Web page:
Various preferred embodiments of electrical circuit panel according to the present invention will now be described by way of example with reference to the accompanying diagrammatic drawings, in which:
FIG. 1 is a plan view of an exemplary panel according to the present invention comprising a radio antenna;
FIG. 2 is a cross-sectional view of a portion of FIG. 1 taken along lines 2--2 of FIG. 1;
FIG. 3 is a plan view of an exemplary first heating panel according to the present invention;
FIG. 4 is a cross-sectional view of a portion of FIG. 3 taken along lines 4--4 thereof;
FIG. 5 is a plan view of a second exemplary heating panel;
FIG. 6 is a cross-sectional view of a portion of FIG. 5 taken along lines 6--6 thereof;
FIG. 7 is a plan view of a third exemplary heating panel; and
FIG. 8 is a cross-sectional view of a portion of FIG. 7 taken along lines 8--8 theeof.
It is emphasized that the accompanying drawings are not to scale.
FIG. 1 is a plan view of a support 1 carrying a radio antenna comprising a plurality of fine electrically conductive coating strips 2, each of which is joined at one end to a collector strip 3 which constitutes a discontinuous electrically conductive coating strip.
A connector 4 in the form of an electrically conductive bridge plate is soldered to the collector strip 3 in facing relationship to the support 1 at two positions 5, 6 spaced apart along such connector 4 on opposite sides of an interruption 7 in the collector strip 3. This interruption 7 which constitutes a discontinuity in the electrically conductive coating strip 3 is clearly shown in FIG. 2, and exposes an area of the support 1 lying beneath the connector 4, which area in non-solderable. A lead-in wire 8 is soldered to the connector 4.
The electrically conductive coating strips 2 and 3 may, for example, be of copper deposited onto the support 1, and the connector 4 may likewise be of copper to facilitate the formation of secure solder joints at the two positions 5 and 6 which are shown as hatched areas in FIG. 1.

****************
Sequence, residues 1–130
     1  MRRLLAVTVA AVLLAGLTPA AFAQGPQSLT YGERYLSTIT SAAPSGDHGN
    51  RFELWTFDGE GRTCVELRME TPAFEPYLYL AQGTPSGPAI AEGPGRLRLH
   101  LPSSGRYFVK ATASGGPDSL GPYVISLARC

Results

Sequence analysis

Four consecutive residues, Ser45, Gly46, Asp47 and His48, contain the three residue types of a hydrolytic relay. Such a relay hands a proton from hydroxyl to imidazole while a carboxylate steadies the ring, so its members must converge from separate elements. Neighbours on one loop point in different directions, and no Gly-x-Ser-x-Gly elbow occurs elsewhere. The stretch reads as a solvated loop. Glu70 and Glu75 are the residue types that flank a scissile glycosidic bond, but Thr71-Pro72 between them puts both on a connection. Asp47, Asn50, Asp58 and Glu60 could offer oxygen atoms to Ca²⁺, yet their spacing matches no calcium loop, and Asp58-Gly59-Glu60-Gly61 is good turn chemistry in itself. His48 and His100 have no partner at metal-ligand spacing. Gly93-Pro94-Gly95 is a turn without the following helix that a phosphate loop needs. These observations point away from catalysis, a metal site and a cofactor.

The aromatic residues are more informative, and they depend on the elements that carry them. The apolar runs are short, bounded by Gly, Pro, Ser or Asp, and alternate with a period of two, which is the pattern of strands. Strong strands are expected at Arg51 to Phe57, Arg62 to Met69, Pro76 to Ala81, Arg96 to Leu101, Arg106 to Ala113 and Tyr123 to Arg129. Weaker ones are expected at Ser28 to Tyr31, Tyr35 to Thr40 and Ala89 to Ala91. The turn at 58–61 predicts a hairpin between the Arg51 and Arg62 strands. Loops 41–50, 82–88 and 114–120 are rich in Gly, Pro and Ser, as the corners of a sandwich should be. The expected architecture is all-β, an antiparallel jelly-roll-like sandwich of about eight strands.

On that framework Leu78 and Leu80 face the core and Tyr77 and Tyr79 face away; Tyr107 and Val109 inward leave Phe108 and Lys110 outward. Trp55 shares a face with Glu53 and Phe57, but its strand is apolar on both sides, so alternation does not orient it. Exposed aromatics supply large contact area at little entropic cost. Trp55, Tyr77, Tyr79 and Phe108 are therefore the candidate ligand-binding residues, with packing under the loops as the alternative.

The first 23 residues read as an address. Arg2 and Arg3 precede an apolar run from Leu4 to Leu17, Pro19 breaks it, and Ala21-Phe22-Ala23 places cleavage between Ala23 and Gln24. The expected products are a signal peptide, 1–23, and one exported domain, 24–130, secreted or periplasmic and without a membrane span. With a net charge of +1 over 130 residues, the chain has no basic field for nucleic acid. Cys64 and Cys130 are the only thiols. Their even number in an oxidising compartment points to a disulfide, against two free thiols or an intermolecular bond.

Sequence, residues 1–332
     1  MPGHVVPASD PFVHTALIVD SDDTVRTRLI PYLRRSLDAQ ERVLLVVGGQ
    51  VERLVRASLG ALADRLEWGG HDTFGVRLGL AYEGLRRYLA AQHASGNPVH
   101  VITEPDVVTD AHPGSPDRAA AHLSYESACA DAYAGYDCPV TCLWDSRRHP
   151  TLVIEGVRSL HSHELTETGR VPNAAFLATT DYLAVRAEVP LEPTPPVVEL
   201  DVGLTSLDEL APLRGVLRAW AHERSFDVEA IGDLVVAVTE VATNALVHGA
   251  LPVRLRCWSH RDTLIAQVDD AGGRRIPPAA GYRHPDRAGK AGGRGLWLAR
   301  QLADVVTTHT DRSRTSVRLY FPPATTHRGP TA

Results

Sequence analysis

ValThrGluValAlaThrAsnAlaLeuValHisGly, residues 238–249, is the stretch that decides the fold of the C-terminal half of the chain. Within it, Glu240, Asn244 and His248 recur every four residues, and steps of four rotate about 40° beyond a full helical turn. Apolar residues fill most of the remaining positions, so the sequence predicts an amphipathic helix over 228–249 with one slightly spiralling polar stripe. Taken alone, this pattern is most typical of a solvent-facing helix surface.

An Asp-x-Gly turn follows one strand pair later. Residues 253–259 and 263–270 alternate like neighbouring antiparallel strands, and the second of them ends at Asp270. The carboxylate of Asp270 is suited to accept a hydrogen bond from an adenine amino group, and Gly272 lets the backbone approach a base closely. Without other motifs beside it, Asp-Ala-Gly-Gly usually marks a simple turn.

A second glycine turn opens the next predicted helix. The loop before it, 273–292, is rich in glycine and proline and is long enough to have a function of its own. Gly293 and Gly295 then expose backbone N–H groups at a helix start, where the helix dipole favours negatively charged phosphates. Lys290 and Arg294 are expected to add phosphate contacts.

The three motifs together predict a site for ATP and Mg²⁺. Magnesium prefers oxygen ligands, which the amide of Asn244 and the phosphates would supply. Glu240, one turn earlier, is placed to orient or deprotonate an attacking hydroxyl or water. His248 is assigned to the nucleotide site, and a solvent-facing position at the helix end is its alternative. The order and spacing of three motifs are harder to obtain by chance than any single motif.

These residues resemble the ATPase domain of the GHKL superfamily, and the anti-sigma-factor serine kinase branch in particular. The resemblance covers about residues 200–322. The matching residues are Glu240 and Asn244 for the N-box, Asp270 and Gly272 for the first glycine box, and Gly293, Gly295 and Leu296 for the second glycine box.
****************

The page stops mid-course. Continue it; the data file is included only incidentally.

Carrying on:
When solder is melted between two surfaces which are close together, and assuming that the molten solder wets those surfaces (which is necessary for a secure joint), the solder will flow under surface tension effects and tend to fill the gap between those surfaces. If, however, a portion of one of those surfaces is not wettable by molten solder, that is, is non-solderable, there will be little or no such tendency unless there is an excess of solder present. Even if such an excess of solder is present, there will be no bond formed over the non-wettable (and thus nonsolderable) surface portion when the solder solidifies.
Thus, in the present Example, even if an excess of solder is applied between the connector 4 and the collector strip 3 on the support 1 so that it flows to form a continuous body between the two spaced positions 5 and 6, the connector 4 will not be bonded to the non-solderable surface area of the support 1 which is exposed by the interruption 7 in the strip 3. The connector 44 will therefore be solder-bonded only at the two spaced positions 5 and 6, so that any stresses due, for example, to differential thermal expansion of the connector 4 and support 1, will be distributed between the connector and its joints at those two positions rather than confined to a joint alone.
In a particular practical embodiment, the strip 3 6mm wide and the interruption 7 was 10mm long in the direction measured between the two positions 5 and 6 at which solder was applied to form a joint. The maximum height of the connector above the support was 1mm.
FIG. 3 shows a transparent heating panel comprising a glass support 10 to which have been applied a plurality of electrically conductive lines 11 arranged in parallel and extending between a pair of electrically conductive coating strips 12, 13. The electrically conductive lines and strips 11, 12, 13 are constituted by an enamel which contains silver particles, and are formed simultaneously, by applying to the support by a silk-screen process, an enamel precursor comprising a suspension of silver particles and particles of a low melting point glass in an organic binder, and then heating the support to drive off the binder and vitrify the enamel. The lines 11 are of smaller cross section than the strips 12, 13 and are thus of higher resistance, and constitute the heating elements proper of the panel. The strips 12, 13 are arranged as collector strips for delivering current to these heating elements.
Each collector strip 12, 13 is interrupted along its length between two positions to expose a non-solderable surface area over a region beneath a connector to be soldered at such positions. Thus a first collector strip 12 has two solder positions 14, 15 on either side of a region 16 where a non-solderable surface area of the support 10 is exposed, and the second collector strip 13 is interrupted at a region 17 between two solder positions 18, 19. Connectors 20, 21 are respectively soldered to the collectors 12, 13 and are connected to a source of electrical power 22 by lead-in wires 23.
The connectors 20, 21 are suitably of silvered copper and are each shaped to provide a tongue which extends laterally from between the two positions at which the respective connector is soldered to a collector strip to facilitate attachment of the lead-in wires 23. FIG. 4 is a detail view of the panel of FIG. 3 and shows the connector 20 which is soldered to the first collector strip 12. From inspection of FIG. 4, it will be noted that the connector 20 is arched between the two positions 14, 15 at which it is soldered to the collector strip 12. The other connector 21 is similarly arched.